40 Wines 40 Days Recap 1: How About a Little Espumante Vino? Txakoli, The Fizzy Spanish Wine

40wines40days (redo)

**CONTEST ALERT!** you could win BIG…see details at the end of the post

Hey there, wine loving people! It’s Wednesday (also know by the hashtag #WineWednesday every week on Twitter–if you haven’t already you should check it out sometime!) so that means it’s time for my first “40 Wines 40 Days” project recap!

If you missed my announcement last week, in celebration of the 1st day of Lent and National Drink Wine day falling on the same Wednesday, I decided to launch a project where I would try 40 new, interesting, different, and/or unusual wines. I will report my findings each Wine Wednesday with the hope that it will inspire you to try some new wines as well.

Although I gave a little hint last week as to what wines I would be talking about in this 1st recap, I was inspired to take a detour and actually decided go in a different direction instead. The inspiration came in the form of a gift from my beautiful, talented, creative, and BRILLLLL-iant girlfriend, Chef Dawn Sloan. If you knew Dawn’s story, you would understand why I described her that way. She just got back from her adventure of spending an entire year working at the wildly popular, Michelin 3-star winning, Azurmendi Restaurant–ranking at #26 in the top 50 restaurant in the world–in the Basque region of Spain. And what souvenir did this wonderful woman bring back for me from her across the globe jaunt? A bottle of the slightly fizzy Spanish wine called “Txakoli.”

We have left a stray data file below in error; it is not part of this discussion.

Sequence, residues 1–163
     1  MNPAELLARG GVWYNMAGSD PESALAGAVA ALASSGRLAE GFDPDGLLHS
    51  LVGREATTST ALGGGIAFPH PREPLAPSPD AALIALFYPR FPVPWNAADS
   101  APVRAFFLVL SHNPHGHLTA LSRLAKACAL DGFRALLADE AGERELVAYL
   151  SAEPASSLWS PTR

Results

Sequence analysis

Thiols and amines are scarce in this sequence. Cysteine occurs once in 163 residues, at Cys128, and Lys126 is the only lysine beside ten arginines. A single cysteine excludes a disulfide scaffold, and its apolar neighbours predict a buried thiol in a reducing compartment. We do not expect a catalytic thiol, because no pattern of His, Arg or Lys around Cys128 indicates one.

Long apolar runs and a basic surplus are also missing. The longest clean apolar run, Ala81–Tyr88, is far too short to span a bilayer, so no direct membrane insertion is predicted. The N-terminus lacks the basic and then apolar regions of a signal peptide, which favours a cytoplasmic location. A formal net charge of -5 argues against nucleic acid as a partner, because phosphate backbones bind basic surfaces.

The bucolic and scenic vineyards for Azurmendi Restaurant in the Basque region of Spain, where the grapes that create Txakoli wines are harvested. {photo courtesy of the Azurmendi website}

The Azurmendi Restaurant vineyards in the Basque region of Spain where the grapes that create Txakoli are harvested. {photo courtesy of the Azurmendi website}

An effervescent wine directly from Spain which is next to impossible to get in the States? Yes, please. It only took one sniff and sip to hook me to Txakoli.

What is Txakoli

Txakoli (pronounced /chock-oh-lee/ and also known as Txakolina) has its origins in being a homemade wine, and as such you can imagine that the style may have  varied a bit depending on the skill, care and specific tastes of the maker. But in the 1980s, some of the wines began to be designated as Denominación de Origen (a regulatory classification system primarily for Spanish wines) which raised the quality, and popularity, of the wines.